The three men introduced themselves one by one, but their names meant nothing to Stark. He never remembered names, only numbers. The younger man with the gun spoke first. His name was Hudson. Today, this very morning, Stark had initialled a document that would ensure the break up and sale of the company Hudson had worked half a lifetime to build. His print factory business had a good portfolio with clients that ranged from entrepreneurs to rock stars and major publishing houses, and produced everything from business cards and headed stationery to full colour posters and illustrated children’s books. There had been good and bad times, highs and lows, and during one particularly rocky low four years ago Hudson had sold the business to a larger company, Clusterworks Inc., who were owned by an even larger company, Monolith Ltd., who in turn were owned by the giant conglomerate who were employing Jeremy Stark on a freelance basis when he initialled the document.

The print business would be wound down, its small but dedicated staff given their notices, its machinery sold for scrap. Hudson had invested most of his savings in the business and now faced personal ruin. He would struggle to pay the mortgage. The family home – the family itself – was under threat. He would pick himself up and move on eventually. But he’d given his heart to what he’d built from scratch, and with a flourish of his pen the bean counter had ripped his heart out.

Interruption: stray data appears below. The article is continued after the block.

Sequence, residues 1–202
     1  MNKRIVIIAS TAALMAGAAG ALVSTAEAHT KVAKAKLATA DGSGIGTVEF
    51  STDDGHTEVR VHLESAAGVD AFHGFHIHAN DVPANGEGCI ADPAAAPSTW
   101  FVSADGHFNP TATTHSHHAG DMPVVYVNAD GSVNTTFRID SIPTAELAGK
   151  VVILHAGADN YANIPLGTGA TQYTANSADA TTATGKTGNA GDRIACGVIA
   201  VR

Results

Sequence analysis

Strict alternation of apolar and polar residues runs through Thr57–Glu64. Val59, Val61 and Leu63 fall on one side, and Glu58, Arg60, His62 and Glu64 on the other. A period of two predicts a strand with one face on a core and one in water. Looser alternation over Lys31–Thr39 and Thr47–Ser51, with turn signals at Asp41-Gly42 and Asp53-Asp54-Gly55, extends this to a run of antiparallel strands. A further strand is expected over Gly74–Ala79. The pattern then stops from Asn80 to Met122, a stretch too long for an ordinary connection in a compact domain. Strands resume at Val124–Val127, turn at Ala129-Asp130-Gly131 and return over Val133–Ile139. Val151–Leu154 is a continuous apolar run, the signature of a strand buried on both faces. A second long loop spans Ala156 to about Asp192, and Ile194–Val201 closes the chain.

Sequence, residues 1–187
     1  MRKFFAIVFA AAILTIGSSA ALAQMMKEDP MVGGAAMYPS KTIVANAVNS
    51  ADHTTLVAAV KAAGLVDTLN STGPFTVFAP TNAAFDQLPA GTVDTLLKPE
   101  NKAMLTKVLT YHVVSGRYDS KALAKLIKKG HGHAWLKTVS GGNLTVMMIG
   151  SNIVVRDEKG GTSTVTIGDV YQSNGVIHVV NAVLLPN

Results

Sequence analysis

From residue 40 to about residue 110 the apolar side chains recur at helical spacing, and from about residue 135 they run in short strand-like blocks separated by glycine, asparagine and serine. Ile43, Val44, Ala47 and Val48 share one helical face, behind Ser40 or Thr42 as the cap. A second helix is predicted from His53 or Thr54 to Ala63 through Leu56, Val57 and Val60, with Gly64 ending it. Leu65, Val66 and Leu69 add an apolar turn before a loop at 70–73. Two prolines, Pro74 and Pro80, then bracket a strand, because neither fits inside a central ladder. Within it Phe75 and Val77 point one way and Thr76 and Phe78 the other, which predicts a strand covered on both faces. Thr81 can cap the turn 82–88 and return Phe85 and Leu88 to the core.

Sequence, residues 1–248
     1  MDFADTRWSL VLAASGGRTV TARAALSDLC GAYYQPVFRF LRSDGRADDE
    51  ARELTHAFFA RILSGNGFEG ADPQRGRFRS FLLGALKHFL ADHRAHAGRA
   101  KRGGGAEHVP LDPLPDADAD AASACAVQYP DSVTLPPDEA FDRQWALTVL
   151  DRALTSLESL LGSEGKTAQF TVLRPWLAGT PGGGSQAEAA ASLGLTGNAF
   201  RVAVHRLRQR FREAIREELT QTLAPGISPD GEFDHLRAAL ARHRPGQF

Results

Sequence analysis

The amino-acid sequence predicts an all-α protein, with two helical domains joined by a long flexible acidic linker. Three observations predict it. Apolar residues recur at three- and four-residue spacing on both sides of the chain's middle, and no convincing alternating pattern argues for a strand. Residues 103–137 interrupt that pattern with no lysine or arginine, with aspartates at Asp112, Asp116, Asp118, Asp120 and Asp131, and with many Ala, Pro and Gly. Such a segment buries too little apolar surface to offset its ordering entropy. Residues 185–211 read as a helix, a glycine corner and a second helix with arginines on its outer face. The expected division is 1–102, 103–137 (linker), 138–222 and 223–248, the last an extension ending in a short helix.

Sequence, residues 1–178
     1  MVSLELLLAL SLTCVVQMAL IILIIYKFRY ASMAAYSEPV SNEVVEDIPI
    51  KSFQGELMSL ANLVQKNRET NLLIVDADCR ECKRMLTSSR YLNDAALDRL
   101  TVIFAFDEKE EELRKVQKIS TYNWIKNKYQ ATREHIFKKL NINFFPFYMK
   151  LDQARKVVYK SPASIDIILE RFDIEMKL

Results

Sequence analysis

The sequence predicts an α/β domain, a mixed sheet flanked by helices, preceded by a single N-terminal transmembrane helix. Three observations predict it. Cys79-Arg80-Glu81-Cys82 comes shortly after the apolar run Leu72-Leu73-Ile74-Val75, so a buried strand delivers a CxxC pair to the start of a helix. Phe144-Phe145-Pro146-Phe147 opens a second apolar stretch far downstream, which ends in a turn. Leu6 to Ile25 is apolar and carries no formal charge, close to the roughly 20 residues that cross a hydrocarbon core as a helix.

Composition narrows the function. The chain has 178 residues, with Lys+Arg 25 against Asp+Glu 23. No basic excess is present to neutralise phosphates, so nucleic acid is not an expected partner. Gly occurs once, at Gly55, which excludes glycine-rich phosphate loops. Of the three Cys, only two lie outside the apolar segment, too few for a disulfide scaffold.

Jeremy Stark flinched as the gun barrel twitched. He had approximately fifteen minutes left to live.

Now the driver spoke. His name was Whitelaw. Unlike his armed companion, he didn’t have a bleak future ahead of him. He was living it now, today. Unlike his armed companion, he had never owned his own business. He’d worked for a major high street retailer, and had worked his way up from shop floor to middle management to become head of the music department just before that branch of the business was lopped off with another swish of Stark’s pen. Soon and without warning, the retail chain was carved up and sold off piece by piece. Whitelaw hadn’t worked since. He’d entered a long spell of depression, hiding from the world, avoiding job interviews, frittering away his savings while the growing piles of unpaid bills were replaced by prosecution and eviction notices. For the last eighteen months he’d been on the street, sleeping sometimes at a homeless shelter off Piccadilly and sometimes in a bed of newspapers under Waterloo Bridge. The taxi he drove, the taxi escorting Jeremy Stark towards his death, had been borrowed from an old friend who owed him a favour. As he steered the vehicle through the clogged Bloomsbury traffic, his palms were moist and slithering on the wheel. There was a hint on madness in Whitelaw’s eye.